We are living in an era where subjective reporting is not to be trusted. This of course links in to the  embedded institutional distrust of people's behaviour and judgment, which in turn feeds into our disempowerment by the medical profession.

Prizewinning American writer Marilynne Robinson tackles this problem. In her book 'Absence of Mind: The Dispelling of Inwardness from the Modern Myth of the Self' , she writes:
'A central tenet of the modern world view is that we do not know our own minds, our own motives, our own desires. And - as an important corollary - certain well-qualified others do know them. ... of the ... testimony of individual consciousness and experience among us, ... We have been persuaded that it is a perjured witness.'

This reminds us of the mental violence done to the public by the arch-manipulators of the last century, particularly Edward Bernays and Emma Freud. Between them, these two demonized any inner authority humans might have and attacked autonomy and community, in order to reduce people to docile consumers. Where subjectivity is devalued, we have no position to fight from, no other source of authority to oppose the rapacity of government, big business and vested professional interests. 

Robinson is coming from the humanities side of the argument, and the whole territory of the arts is threatened with trivialization by the anti-subjectivist position. That position is associated, with some accuracy, with the scientific attitude. You may have seen articles with titles like 'Yes, we really do fall in love - brain scans prove it', as if subjective reports of feelings have no validity, and the objective measurements of science do.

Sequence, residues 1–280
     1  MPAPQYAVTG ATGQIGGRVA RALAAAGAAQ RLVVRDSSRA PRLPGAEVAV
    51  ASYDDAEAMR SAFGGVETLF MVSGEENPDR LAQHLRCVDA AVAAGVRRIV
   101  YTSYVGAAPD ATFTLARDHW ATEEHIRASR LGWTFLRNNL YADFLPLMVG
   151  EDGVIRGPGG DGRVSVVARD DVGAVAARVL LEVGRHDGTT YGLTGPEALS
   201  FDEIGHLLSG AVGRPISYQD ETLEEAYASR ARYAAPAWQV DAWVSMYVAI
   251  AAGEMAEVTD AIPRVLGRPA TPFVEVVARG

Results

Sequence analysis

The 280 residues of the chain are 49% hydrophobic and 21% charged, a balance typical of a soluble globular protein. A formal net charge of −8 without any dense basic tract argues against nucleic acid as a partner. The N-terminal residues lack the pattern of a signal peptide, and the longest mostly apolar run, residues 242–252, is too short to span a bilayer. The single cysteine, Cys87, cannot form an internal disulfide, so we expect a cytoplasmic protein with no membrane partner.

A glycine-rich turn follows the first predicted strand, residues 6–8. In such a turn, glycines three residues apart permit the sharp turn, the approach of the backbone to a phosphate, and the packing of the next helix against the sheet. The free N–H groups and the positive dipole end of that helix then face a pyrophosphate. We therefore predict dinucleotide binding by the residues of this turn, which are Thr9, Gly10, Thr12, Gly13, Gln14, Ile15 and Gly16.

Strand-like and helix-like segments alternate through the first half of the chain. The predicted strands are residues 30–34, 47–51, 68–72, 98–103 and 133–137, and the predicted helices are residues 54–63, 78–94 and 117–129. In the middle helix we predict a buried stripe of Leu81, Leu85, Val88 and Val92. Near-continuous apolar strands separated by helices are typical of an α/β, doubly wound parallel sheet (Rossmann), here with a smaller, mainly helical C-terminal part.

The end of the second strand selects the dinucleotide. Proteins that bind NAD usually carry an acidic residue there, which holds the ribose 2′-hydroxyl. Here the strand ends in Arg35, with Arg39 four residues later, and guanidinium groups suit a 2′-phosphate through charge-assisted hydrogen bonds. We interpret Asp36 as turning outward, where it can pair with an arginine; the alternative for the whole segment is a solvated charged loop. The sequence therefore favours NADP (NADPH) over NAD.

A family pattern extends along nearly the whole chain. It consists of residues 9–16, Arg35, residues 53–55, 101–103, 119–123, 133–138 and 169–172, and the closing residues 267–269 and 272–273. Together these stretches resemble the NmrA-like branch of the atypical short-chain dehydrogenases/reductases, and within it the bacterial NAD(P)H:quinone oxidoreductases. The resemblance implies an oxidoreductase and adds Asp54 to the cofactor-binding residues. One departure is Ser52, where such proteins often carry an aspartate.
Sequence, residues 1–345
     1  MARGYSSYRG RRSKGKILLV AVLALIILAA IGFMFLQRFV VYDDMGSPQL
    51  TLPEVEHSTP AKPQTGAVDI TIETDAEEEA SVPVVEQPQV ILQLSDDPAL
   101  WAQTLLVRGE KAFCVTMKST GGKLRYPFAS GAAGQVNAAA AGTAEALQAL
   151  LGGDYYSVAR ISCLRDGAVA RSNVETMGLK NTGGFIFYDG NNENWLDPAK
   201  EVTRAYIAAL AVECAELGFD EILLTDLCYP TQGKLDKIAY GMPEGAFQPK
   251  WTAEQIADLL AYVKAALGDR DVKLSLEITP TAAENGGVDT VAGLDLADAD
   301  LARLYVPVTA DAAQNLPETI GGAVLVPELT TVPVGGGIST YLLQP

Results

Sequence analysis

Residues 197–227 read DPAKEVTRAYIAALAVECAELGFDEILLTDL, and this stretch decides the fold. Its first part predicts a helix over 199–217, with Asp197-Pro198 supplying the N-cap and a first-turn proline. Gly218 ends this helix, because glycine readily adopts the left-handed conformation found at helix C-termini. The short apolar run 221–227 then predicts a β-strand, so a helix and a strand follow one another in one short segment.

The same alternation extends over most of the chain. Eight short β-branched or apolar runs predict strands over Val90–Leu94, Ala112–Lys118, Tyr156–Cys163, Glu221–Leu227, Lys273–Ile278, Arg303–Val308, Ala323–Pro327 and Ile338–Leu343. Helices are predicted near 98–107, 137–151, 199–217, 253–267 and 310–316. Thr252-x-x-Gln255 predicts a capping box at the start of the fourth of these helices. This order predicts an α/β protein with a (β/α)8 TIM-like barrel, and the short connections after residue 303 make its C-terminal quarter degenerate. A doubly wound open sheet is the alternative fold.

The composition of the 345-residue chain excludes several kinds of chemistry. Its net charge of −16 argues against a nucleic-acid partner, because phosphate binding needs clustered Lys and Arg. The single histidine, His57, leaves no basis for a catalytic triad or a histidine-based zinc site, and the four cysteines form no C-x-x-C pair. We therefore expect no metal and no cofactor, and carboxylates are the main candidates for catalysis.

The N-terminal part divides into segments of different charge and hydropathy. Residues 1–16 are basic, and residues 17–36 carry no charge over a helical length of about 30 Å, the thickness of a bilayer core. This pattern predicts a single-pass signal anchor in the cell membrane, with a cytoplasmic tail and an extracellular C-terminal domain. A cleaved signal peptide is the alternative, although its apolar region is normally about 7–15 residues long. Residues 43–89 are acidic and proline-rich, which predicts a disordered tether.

So is Science then the enemy, the Thursic force here?

Before going into that big question, I want to say that I'd really rather you didn't take my word for any of this. Check it out for yourself. Confront, immerse yourself in, question, every aspect of this modern world and determine which you can use, which you need artfully to avoid, and which are your sworn enemies.
And with all of them, understand how to transcend their influence. Even those you approve of, you will eventually need to learn how to overcome in yourself, because they represent partial truths. 

A personal example: my Science story:
I remember vividly the moment I fell in love with science. It coincided with the first time I abandoned magical thinking. I was around 4, and my dad asked me what I wanted for my birthday. I replied: a magic wand, a real one, like Sooty's got, one that can do real magic. My dad told me then that magic wasn't real. I recall the moment precisely; we were facing a row of shops on a mundane street in the West London suburb I grew up in. At that point, something big happened inside me, and the next time I thought about that incident it was from the point of view of someone who had turned wholeheartedly towards science. Science represented power, and I had unknowingly launched myself into the mystery of the Faustian bargain, which is so much the modern history of the Indo-European people.